(3.5 out of 5 stars)
I had this book waiting on my desk to read for a while, thinking, this will be a fantastic, enjoyable read, no problem. I had read the two previous novels in the series and had really liked them (as I’ve mentioned before, I’m a total sucker for angel/fallen angel books). And while this book does deliver at the ends, the first half was a real slough to get through.
Since the first half of the book was relatively disappointing (at least for the standards I had for this series) and the second half was much more interesting, I will break my review into two parts:
The Bad: I literally thought the beginning of the book was a dream sequence or something, because in what world do literally almost all of the same group of friends go to the same college and move their little circle perfectly to Stanford? Yes, maybe I’m being too harsh- they’re all following their intertwined “purpose” and whatnot- but it was so cliché I could barely read it. And reading all about Clara going to classes and experiencing college, etc., felt like a really displaced, jarring aspect of the narrative. Not that it’s not a valid experience to explore but because this is the third book in a series and yet it felt like the first, with Clara being so innocent and having so many new experiences when it’s like hello, you have so many other major things going on, so many loose ends from the previous books. ALSO, a MAJOR pet peeve of mine was that it mentions one of the characters going to school in California at UC Santa Clara.
As a native Californian I wanted to pull my hair out reading this. There is a Santa Clara University which is a private, Jesuit, catholic university but it is in NO WAY part of the University of California public school system along with Berkeley, UCLA, etc. I was super disappointed by this oversight considering the author herself is a professor at Pepperdine University, which is also in California, and I don’t understand how this oversight possibly occurred. It really feels like lazy editing.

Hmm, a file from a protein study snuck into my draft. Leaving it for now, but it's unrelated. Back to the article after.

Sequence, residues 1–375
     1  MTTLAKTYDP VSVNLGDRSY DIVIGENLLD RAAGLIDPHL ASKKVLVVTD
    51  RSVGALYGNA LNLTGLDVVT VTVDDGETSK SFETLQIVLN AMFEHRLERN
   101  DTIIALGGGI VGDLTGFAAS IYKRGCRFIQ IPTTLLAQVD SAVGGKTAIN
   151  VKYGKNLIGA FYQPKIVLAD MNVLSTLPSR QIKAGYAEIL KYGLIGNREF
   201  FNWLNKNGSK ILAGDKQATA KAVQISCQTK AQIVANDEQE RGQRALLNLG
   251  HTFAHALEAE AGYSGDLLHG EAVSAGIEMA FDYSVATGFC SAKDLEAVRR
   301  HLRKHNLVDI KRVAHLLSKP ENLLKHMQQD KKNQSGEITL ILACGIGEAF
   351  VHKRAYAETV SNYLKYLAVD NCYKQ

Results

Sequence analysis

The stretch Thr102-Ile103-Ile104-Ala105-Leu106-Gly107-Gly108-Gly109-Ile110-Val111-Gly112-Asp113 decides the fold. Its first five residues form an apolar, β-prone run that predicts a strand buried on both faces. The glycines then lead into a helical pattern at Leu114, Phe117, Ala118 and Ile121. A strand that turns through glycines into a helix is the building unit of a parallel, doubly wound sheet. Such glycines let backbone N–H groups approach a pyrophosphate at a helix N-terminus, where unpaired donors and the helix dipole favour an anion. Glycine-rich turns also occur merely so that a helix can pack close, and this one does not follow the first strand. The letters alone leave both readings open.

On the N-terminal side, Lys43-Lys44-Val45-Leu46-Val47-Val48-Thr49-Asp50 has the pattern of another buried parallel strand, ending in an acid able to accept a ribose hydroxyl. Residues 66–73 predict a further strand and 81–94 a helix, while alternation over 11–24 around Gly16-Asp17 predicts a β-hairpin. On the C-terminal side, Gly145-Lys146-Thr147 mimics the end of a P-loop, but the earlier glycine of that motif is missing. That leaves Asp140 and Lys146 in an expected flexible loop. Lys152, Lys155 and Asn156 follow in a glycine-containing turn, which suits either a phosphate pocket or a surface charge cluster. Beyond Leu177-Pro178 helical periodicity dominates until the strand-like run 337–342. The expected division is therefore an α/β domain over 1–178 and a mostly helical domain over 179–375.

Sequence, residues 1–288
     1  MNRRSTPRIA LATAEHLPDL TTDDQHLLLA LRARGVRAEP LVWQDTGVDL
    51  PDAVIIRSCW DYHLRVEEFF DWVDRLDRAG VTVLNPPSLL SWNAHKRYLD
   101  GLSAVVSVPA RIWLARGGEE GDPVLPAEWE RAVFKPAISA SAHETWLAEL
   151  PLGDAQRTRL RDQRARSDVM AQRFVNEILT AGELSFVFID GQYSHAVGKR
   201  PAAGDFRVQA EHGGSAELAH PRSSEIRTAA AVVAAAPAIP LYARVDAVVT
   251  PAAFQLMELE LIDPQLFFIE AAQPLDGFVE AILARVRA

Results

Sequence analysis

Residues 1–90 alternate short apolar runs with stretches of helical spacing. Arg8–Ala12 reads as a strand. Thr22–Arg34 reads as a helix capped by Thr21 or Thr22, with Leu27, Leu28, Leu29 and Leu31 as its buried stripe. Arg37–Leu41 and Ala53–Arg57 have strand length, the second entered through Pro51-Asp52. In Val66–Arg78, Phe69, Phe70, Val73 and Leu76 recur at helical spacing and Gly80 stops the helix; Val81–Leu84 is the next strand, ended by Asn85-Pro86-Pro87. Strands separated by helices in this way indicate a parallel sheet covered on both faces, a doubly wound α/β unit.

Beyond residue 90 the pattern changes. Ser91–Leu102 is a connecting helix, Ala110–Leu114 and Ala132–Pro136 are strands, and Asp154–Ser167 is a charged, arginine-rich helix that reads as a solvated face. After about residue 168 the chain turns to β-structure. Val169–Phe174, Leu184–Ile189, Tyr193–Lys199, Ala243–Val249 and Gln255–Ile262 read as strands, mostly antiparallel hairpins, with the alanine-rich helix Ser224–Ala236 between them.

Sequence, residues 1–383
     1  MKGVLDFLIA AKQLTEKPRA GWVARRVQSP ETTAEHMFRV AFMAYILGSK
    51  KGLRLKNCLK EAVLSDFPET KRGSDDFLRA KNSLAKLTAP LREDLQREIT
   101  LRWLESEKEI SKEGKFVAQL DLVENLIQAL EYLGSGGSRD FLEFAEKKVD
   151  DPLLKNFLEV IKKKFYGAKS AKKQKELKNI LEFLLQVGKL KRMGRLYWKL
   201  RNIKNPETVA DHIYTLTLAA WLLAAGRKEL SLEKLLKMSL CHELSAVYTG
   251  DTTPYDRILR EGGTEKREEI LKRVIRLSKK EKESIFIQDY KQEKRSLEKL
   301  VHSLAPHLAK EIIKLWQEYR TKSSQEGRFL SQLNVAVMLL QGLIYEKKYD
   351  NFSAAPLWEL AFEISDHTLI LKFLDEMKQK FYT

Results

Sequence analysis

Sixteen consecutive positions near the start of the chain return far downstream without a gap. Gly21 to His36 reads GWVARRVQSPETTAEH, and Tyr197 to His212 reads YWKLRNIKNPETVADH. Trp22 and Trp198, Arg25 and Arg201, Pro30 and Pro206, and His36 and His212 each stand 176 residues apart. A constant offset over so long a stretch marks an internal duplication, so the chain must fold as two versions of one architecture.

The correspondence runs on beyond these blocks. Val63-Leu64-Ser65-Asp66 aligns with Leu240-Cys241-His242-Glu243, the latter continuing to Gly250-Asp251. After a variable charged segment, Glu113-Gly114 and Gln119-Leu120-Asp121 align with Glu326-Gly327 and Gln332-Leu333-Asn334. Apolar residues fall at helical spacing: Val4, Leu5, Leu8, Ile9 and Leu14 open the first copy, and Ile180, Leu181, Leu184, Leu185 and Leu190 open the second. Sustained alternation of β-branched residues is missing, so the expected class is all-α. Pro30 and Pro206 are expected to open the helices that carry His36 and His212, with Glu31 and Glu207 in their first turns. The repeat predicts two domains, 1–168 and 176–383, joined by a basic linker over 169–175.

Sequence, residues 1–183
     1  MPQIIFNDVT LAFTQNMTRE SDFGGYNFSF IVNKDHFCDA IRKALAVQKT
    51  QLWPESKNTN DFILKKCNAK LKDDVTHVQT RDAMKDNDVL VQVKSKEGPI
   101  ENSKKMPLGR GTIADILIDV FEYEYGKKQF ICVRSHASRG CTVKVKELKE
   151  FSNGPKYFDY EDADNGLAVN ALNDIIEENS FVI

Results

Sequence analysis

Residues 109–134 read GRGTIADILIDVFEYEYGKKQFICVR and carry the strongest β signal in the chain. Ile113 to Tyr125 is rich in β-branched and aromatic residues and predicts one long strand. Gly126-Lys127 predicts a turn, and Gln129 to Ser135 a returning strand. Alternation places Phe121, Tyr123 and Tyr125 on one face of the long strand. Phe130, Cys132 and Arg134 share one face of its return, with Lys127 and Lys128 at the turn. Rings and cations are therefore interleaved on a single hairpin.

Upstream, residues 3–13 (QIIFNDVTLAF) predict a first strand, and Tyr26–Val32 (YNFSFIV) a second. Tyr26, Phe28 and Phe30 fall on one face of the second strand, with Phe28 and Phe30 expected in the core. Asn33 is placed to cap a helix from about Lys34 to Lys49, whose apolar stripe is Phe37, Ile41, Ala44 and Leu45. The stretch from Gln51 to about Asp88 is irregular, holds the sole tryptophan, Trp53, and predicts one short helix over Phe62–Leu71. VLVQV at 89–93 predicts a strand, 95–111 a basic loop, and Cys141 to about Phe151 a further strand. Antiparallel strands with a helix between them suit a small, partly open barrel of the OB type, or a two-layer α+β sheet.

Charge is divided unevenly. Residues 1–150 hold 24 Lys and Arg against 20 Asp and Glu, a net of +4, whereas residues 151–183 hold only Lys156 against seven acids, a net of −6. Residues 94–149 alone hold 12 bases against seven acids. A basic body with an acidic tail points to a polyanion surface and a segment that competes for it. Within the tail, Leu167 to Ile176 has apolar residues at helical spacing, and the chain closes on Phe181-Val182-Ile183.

There was also some cheesy and really random time travel that went on but I won’t elaborate for those who haven’t read it yet.
The Good: About halfway through, when winter break hits, things start to pick up. The author did a really good job incorporating everyone’s purpose into the plot and entwining them all together. I also didn’t think the author would kill off characters but it happened more than I expected, and I appreciate an author who is willing to take risks and sacrifice their characters. I like how their is a distinction between true “fallen” angels who are aligned with hell and those who are in the in-between space like Phen, whose allegiance is tricky. And though it’s not new to this book in particular I loved loved loved the idea that the fallen (like Samjeeza) carry around this crippling Sorrow that literally radiates off of them, and is usually concentrated to one particular person/incident/experience. It’s a new take on the fallen angel theme and I always appreciate when an author brings something original to the table.
This is a potential spoiler, though I would consider it minor, but I really loved the following dialogue exchange regarding the concept of hell in this series:
“Not trapped but kept. Most of them do not realize they’re in hell. They have willed themselves here. They could leave at any time they choose, but they will never choose to.”
“Because they will not let go of what it is that brought them here to begin with.” –Boundless, 369
This is the most interesting notion of hell I have come across so far- that it’s completely self-inflicted. It’s a horrifying thought, but it makes sense with a frightening clarity, that we, as humans, damn ourselves. I thought this was a delightfully insightful aspect of the book.
The novel also sees a lot of character development, especially with Christian, which I appreciated because we’ve already seen so much with Tucker. The author did a great job evening out the playing field and developing both love interests well enough that I would have been upset no matter who Clara ended up with, and making two likeable male protagonists is definitely nothing to sneeze at.
Overall I’m glad I didn’t give up on this book the way I wanted too after the first 100 pages or so. The tediousness of the first half is definitely made up by a ton of action in the second half, with multiple plot twists that aren’t at all obvious, and multiple climactic moments- literally you think you’ve hit the climax of the plot and then it just gets topped again throughout the last 50 pages. This book is a sufficient end to a good series and doesn’t leave the reader with a lingering feeling of having wanted more than they were given.
Good if you’re looking for: A look at actual angels as well as fallen angels, a convincing love triangle, a California and or/Wyoming setting, an action-packed ending to a trilogy
Also, does anyone else love Samjeeza as much as I do?